National Security & Defense

What If Malia Gave Obama the Ayatollah Treatment?

(Mark Wilson/Getty)

Obama awoke abruptly. He had been snoring in his chair in the Oval Office. He scraped his heels across the top of the Resolute desk and sprang to his feet. “Let me be clear,” he thought to himself. “I smell smoke!”

The commander-in-chief fled the West Wing and dashed upstairs to the White House residence. As he approached his eldest daughter’s bedroom door, his suspicions were confirmed.

“Open up, Malia,” Obama hollered. He knew that menacing odor personally: cigarettes.

“You’re smoking in there, aren’t you?”

“I will admit to no such activity, currently or as a matter of historical record,” the 17-year-old replied. “But I have every right to smoke tobacco — just as you used to do.”

“I have every right to see if you have cigarettes in there!” Obama insisted, pounding on Malia’s locked door.

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“Okay,” she conceded. “You are welcome to ‘request access.’ Please write down your specific concerns and remember to ‘make available relevant information.’”

“What on Earth are you talking about?” Obama wondered, bewildered.

“I am quoting from your nuclear deal with Iran,” Malia explained. “I read the entire text to prepare for my Conflict in the Modern World class. After you take those steps, I’ll think it over for 24 to 78 days. If such stalling tactics are good enough for the ayatollahs, they are good enough for me.”

Obama heard Malia slam her desk drawer shut, rattling pens, pencils, and highlighters in the process.

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“Malia, open up, this minute! I know you’re hiding cigarettes in your desk.”

“Dad, if you return in three to eleven weeks, I may let you search my nightstand and closet. Or I may delay even further. Regardless, under no circumstances whatsoever may you touch my desk. My medicine chest also is as off limits to you as an Iranian military site. If you really are dying to know what’s in there, I’ll take a few photos of it and e-mail them to you.”

“How absurd! Where did you get that preposterous idea?” Obama asked.

‘If you can unfreeze some $100 billion for the gang who kidnapped our diplomats for 444 days under Jimmy Carter, you can liberate my $1,000 in allowance money.’

“I read about it in Monday’s Wall Street Journal,” Malia answered. The students at Sidwell Friends School are nothing if not precocious. “If you trust Iran to collect soil samples from its nuclear-research facilities and hand them over to the International Atomic Energy Agency, then you can trust me to send you pictures of my medicine cabinet.”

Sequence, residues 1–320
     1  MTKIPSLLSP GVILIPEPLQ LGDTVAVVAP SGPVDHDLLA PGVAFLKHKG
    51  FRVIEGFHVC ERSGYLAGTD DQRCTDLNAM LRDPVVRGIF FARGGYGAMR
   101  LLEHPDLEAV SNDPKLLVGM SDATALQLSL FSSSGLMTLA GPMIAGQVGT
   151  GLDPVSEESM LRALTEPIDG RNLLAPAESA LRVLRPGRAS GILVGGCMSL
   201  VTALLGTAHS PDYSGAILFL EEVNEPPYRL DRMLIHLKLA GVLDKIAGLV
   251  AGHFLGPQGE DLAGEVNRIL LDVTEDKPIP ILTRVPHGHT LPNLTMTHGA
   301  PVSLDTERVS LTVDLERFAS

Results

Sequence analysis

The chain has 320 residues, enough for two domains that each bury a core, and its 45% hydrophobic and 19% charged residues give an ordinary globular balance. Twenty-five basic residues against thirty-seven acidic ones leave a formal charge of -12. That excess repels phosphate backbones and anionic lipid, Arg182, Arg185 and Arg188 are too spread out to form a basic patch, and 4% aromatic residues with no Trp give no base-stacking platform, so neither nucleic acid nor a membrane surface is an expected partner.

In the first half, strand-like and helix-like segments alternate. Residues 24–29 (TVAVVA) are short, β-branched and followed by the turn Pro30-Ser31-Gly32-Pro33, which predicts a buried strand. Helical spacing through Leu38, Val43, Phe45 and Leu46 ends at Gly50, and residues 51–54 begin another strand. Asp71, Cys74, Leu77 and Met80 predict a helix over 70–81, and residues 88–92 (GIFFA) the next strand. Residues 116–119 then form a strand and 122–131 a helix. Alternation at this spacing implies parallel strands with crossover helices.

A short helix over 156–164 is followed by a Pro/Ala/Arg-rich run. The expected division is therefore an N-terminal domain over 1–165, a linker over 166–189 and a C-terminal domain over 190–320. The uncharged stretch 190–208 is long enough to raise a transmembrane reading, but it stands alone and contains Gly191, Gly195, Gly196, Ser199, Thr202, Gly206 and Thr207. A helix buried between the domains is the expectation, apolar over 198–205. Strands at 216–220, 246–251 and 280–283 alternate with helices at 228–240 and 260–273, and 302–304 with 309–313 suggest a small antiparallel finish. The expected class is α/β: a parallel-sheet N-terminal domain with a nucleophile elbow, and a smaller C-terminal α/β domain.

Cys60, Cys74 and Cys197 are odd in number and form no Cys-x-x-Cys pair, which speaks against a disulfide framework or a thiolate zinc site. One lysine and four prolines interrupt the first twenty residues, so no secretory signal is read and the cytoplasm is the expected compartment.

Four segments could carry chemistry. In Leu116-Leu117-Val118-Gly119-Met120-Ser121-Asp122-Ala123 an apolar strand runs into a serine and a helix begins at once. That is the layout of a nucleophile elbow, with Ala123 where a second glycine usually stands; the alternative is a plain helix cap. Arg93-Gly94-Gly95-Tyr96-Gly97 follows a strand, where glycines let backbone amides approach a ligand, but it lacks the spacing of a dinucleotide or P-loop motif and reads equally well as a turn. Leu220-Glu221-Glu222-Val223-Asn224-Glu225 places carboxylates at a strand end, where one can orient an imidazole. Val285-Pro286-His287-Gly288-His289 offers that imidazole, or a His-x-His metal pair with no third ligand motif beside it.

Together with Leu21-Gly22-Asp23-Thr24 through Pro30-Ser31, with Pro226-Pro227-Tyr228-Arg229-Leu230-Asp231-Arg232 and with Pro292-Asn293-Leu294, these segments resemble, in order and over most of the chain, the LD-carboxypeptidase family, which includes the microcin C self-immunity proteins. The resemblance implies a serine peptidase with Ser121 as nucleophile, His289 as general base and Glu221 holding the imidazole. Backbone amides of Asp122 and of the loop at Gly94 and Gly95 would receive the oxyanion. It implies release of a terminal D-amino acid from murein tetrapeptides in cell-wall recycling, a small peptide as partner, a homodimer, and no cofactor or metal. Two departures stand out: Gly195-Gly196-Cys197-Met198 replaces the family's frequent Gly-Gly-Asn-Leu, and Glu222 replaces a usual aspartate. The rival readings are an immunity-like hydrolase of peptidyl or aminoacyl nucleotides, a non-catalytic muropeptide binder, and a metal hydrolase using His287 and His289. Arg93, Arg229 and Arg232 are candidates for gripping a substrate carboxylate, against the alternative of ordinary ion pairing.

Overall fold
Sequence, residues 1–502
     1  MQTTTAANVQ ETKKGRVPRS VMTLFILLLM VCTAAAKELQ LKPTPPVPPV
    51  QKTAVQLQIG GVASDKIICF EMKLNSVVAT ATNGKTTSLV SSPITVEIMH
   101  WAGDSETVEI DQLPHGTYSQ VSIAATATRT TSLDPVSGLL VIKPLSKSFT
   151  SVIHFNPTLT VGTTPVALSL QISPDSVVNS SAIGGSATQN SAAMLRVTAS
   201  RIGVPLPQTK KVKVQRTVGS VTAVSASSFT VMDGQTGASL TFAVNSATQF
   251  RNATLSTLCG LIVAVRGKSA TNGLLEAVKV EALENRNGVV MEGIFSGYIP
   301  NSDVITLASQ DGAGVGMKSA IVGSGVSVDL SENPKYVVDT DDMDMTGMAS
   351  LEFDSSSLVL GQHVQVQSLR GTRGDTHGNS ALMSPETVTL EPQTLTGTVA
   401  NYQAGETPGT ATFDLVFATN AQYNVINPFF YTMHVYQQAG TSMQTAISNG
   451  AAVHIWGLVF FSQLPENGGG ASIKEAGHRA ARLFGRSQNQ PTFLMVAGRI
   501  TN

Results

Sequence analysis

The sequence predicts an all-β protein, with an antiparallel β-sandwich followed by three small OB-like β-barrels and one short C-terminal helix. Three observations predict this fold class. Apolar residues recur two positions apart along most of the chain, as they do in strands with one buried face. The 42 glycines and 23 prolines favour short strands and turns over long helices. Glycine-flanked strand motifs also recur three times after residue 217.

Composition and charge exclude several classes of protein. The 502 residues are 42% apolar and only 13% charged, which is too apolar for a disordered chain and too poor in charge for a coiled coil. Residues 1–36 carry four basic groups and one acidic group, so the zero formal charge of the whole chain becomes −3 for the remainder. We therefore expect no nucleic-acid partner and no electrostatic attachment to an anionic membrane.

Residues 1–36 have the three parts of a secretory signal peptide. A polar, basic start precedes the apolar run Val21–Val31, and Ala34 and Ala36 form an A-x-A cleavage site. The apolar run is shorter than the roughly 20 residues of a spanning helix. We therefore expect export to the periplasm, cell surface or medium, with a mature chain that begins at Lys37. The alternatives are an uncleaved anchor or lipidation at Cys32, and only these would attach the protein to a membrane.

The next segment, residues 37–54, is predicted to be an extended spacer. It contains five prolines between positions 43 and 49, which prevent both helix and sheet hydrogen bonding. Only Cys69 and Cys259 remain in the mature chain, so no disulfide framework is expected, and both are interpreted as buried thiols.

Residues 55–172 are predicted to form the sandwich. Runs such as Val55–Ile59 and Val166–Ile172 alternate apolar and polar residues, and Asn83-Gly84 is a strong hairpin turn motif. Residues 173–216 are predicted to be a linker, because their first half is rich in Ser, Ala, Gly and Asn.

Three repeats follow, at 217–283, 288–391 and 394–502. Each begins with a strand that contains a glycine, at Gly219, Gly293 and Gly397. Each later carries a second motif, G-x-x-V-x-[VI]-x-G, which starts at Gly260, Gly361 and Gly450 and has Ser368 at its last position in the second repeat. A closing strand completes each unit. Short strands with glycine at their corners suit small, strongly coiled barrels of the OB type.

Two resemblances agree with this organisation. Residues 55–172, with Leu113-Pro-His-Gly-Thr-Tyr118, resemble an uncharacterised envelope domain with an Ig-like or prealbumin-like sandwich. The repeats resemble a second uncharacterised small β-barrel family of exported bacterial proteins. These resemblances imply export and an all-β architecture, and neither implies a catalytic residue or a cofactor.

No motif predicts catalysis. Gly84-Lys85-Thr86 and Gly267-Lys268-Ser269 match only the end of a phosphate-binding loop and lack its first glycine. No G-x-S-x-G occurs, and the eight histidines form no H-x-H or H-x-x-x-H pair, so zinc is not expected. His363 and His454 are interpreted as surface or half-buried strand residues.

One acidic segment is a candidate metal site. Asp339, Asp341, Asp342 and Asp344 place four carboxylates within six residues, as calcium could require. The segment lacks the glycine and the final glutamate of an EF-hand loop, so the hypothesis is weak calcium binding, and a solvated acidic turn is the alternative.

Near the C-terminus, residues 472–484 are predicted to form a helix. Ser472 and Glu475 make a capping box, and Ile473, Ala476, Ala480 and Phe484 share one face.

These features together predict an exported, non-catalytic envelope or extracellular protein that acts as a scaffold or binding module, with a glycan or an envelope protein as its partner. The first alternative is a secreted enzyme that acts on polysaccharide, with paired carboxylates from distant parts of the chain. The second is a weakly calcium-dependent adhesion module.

“Malia, this is ridiculous!” Obama shouted. “I am your father and, in case it slipped your mind, I also am the president of the United States. Now, let me in!”

“Oh, and another thing, Dad,” Malia said firmly from behind her door, impressed by neither his vaunted rhetoric nor his lofty title. “You know that $1,000 in allowance money that you have locked up in the Situation Room vault since March? I want it all, at once!”

“What makes you think you have a right to that cash?” Obama quizzed his first-born.

“It’s so obvious, Dad,” Malia replied, her eyes rolling almost audibly through the sealed doorjamb. “If you can unfreeze some $100 billion for the gang who kidnapped our diplomats for 444 days under Jimmy Carter, you can liberate my $1,000. I want it all, and I want it now — no matter how well or poorly I may behave once the fall semester starts.”

#related#“Suit yourself, Malia,” Obama grumbled, grinding his molars and feeling thoroughly defeated. “You can stay in your room, barricaded as long as you like. In fact, don’t even bother to come out. Until you learn how to obey me, you can forget about having dinner tonight.”

Malia turned even sassier.

“Fine!” she snapped. “I can get by without another serving of Mom’s oatmeal with a side of celery sticks.”

Obama threw his arms in the air and sighed in disgust. He had been out-foxed, yet again.

As Obama stepped away from Malia’s door, he heard something familiar and unmistakable: the sound of a match being struck.

Deroy Murdock is a Manhattan-based Fox News contributor, a contributor to National Review Online, and a senior fellow with the London Center for Policy Research.


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